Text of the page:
Swarms, Peers, and Channels

The most important components within PPSPP are Swarms, Peers, and Channels. It wasn’t until I started implementing that I understood how best these can be decoupled. The PPSPP RFC7574 could perhaps do a better job of articulating the difference between these concepts, and perhaps I could have contributed it.

The Swarm

I think of a swarm as two things, one spatial, and one temporal, linked by a common set of options. Of most importance, is the choice of hashing algorithm and chunk size, and these control what the root hash must be of the Merkle tree.

The spatial component is easy - the raw data on disk, or being shared within the swarm, which is effectively a list, or set, of chunks, or ranges of chunks of the content.

The temporal component can be thought of as the current active set of active peers – essentially a list of related network transport addresses.

In terms of state, then, a swarm can be represented as the intersection of a set of chunks (possibly simplified through use of ranges), and a set of currently active peers.

This allows us to ask and answer questions such as “where can I get chunks X & Y”, or “does anybody else in the swarm still need chunk Z”?


I believe peers are where people get confused, at least in hindsight it was where I got confused, which is not the same thing. Anyway. Peers are compared to bittorrent nodes, but this is not correct.

The defining characteristic of a peer is a network transport address comprising an IP address, and a UDP Port. Nothing else. PPSP allows multiplexing many swarms through a single endpoint, to help support the very common use cases of mobile networks (running phones on IPv6 and bridging IPv4 in the telco’s datacentre) and home / office routers (IPv4 NAT).

In the swirl model, all the peers are managed separately. They are very very simple wrappers around a UDP port, and simply use the first 4 bytes of each incoming packet to decide which channel to route this to — more on that below.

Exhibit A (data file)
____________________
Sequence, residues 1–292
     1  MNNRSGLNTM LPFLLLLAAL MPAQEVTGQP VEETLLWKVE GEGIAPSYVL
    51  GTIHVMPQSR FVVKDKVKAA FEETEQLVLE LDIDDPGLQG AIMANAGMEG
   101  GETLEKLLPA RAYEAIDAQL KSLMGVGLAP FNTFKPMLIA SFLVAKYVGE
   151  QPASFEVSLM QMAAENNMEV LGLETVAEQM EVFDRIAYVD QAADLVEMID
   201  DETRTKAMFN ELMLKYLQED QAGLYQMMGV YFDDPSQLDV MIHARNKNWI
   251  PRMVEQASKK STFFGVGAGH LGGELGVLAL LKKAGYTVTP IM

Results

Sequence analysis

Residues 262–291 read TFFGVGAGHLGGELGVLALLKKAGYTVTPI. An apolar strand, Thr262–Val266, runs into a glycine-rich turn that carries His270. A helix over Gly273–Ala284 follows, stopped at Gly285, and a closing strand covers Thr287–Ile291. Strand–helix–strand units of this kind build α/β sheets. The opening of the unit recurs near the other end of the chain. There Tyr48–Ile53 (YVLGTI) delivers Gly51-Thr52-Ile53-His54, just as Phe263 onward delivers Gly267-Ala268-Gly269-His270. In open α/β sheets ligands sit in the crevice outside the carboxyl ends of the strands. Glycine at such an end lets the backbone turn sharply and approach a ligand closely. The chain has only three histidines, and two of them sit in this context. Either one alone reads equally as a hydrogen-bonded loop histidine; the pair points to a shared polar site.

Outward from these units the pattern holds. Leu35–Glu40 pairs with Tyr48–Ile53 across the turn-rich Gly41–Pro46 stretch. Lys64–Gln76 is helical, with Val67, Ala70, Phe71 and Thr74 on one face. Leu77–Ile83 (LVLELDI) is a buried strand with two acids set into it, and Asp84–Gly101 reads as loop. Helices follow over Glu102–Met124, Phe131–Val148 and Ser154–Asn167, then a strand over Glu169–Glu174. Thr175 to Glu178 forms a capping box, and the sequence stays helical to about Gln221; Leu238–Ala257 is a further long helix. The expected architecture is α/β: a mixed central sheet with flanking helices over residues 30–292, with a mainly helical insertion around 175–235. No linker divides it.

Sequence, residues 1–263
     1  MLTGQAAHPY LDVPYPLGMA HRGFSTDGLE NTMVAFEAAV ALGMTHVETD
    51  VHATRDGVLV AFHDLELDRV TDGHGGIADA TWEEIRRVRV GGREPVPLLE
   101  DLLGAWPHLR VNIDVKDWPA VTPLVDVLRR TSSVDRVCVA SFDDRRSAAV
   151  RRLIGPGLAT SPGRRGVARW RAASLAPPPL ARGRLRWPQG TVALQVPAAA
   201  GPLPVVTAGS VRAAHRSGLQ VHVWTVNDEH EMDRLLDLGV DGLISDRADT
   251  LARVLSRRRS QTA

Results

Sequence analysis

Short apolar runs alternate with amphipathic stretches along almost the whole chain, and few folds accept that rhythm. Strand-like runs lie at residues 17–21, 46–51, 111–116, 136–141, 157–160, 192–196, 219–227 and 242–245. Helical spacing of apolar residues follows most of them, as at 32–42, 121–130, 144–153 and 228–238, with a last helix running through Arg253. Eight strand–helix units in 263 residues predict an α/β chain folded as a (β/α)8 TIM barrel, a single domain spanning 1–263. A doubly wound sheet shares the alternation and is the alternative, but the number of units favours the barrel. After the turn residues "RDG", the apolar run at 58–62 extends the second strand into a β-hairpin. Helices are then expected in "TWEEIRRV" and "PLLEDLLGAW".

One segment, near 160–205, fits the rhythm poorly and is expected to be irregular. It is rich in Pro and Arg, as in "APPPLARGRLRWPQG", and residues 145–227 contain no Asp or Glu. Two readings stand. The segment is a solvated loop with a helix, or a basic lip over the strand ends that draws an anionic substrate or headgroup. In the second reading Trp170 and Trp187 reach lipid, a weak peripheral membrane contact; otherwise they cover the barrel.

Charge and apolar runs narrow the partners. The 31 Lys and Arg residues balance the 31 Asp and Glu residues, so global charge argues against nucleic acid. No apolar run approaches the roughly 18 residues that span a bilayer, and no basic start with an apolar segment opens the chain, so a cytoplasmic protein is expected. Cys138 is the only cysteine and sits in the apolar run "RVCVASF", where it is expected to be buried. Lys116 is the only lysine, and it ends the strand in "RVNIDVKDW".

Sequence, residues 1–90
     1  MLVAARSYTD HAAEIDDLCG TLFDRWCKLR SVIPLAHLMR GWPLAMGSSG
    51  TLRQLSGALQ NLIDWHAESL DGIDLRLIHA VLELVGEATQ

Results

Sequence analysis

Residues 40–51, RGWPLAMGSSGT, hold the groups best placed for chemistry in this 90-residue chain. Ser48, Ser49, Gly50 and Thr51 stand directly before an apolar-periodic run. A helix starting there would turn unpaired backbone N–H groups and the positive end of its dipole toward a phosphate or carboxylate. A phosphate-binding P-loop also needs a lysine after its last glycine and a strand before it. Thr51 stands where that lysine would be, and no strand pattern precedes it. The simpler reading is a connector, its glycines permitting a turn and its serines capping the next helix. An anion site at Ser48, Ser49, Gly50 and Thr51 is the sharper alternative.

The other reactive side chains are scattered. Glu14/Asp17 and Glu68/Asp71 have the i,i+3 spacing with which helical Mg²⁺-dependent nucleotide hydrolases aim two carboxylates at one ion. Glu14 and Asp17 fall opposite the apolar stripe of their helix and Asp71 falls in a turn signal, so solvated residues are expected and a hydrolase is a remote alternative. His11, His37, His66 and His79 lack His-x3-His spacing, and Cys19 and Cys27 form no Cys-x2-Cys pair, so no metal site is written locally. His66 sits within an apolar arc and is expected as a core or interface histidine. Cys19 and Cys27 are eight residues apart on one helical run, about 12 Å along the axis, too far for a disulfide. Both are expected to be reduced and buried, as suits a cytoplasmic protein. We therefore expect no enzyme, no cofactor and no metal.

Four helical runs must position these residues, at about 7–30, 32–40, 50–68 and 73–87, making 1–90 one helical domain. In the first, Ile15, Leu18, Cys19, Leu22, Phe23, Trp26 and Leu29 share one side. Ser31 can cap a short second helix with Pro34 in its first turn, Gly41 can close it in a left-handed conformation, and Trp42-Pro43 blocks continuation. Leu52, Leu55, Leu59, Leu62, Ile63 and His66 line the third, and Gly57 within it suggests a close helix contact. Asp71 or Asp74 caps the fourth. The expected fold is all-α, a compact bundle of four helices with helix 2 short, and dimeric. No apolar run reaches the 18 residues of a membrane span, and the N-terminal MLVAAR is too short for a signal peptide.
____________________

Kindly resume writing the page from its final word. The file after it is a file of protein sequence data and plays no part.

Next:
Thus the peer’s state really only consists of an assigned UDP port, and what ever IP address is appropriate for the network - either a NATted IPv4 address, IPv6 or a direct IPv4 connection.

It is possible to keep a list of active channels and remote peers within the Peer state, but it actually makes more sense to keep these with each channel that is associated with the remote peer, and if necessary, register these within Swirl so that we can answer questions like “how many active Swirl peers are in this swarm?” or “which channels are participating?”.

In the Swirl model, this complexity is left to the channel to manage. Let’s look at them next.


The channel then, binds all of these together. A channel in PPSP is loosely described as:

A logical connection between two peers. The channel concept allows peers to use the same transport address for communicating with different peers. – RFC7574

The thing that relates all three components, channels, swarms, and peers, is that they share the same swarm options. This is a slight inaccuracy as it’s possible for swarms to not use Merkle hash trees, and just shuttle chunks and ranges around, but you might as well use HTTP in that case, so we’ll conveniently ignore it.